3. Don’t share irrelevant information; Be concise and informative. For example, no one wants to read what the weather is like unless they ask. Sure, you may love the sunny day or hate the hurricane you’re living through, but that’s what The Weather Channel is for. Try to talk about something that excites you. And if the weather really does excite you, share it and engage them with it. And preferably with a hashtag so other people who enjoy talking ’bout the weather get to know you. But if you’re a brand or business, how do you share your products and services?
4. No one wants to be sold something on Twitter. Do you remember the last time you went to a car dealership and wanted to have an annoying salesman engage you for the purposes of luring you into his office to buy a brand new vehicle? If you said “Yes” to that, we should have a chat. Soon. No one wants to be haggled, annoyed, told how great one service or good is over and over…and over. It comes across the same way the bastardized idea of a used-car salesman is. Sure you can be excited for a product or brand, and if you follow us you know we have one in mind we love to talk about. The difference is that we use those products or services to engage in a conversation with people we’ve gotten to know over the years. Or maybe we find something that we love at the office, like our Keurig coffee machine. The coffee machine is worth talking about because it’s cool and we like it! The difference is we’re not trying to sell you one. Perhaps we are losing a potential market by not tweeting about what we can do for Web Design or what we’ve done for our clients in the past, but Twitter is a “right here, right now” social media platform. And what about those people who won’t shut up?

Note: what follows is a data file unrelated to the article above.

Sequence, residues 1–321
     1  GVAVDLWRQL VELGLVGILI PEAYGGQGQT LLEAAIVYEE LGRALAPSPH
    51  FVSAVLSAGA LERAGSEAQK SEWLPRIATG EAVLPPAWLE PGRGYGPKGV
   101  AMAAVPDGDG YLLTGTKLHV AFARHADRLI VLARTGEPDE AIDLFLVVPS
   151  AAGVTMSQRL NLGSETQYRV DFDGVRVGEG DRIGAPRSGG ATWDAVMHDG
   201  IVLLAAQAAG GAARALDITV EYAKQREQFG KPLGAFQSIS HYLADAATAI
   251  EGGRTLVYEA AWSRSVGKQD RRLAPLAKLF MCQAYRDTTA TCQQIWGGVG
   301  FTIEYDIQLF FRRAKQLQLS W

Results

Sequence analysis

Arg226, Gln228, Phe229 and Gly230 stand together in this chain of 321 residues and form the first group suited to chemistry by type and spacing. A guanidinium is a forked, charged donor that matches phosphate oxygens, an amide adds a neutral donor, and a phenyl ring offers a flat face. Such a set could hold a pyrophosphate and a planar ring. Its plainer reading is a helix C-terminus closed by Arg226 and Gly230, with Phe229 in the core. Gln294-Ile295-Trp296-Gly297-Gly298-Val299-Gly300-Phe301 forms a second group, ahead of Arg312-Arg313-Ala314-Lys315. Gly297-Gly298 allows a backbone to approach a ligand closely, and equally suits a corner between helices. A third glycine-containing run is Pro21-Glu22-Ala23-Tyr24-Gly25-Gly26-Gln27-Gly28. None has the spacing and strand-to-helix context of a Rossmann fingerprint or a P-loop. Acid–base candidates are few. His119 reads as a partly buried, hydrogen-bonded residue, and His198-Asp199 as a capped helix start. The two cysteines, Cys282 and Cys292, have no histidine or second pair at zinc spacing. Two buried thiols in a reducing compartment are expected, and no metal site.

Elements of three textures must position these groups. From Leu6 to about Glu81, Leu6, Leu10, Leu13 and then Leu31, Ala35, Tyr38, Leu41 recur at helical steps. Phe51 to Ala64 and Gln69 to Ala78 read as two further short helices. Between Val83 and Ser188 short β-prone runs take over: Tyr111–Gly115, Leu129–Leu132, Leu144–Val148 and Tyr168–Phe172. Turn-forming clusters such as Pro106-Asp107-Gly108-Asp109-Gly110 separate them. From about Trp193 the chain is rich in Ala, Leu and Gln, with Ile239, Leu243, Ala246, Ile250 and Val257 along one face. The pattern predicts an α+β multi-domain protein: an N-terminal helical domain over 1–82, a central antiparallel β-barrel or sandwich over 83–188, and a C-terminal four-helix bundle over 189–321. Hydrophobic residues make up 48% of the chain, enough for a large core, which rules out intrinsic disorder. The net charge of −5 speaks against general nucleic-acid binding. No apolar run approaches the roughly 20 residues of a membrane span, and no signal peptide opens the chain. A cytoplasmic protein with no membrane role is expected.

5. Chances are the people who won’t stop talking, who are generally annoying or honestly don’t get Twitter have a disproportionate follow-back ratio. People are not engaging them for some reason. If you scroll down their timeline and take a moment to read what they’ve had to say in the past, you may find instantly that you’re not going to enjoy engaging them. One really good reason is because they’re a feed, or rather they have linked their Facebook profile to Twitter thinking they can knock two birds out with one stone. No one wants to read Facebook when they’re on Twitter. Why talk to someone or interact with a brand you don’t like. If you like Deadmau5, it’s probably likely that you’re not going to get along on Twitter with someone who likes to talk about Justin Bieber constantly. Proportion of follow-backs, I said? Yes, I did. Before you hit that follow button, look at how many people someone is following and more importantly, how many people are following that tweeter back. One of the most important things I’ve learned is NOT to follow others on Twitter who are following way more people than are following them back. Easily 9 out of 10 times within a week, I’ll unfollow them. What about celebrities and huge corporate companies?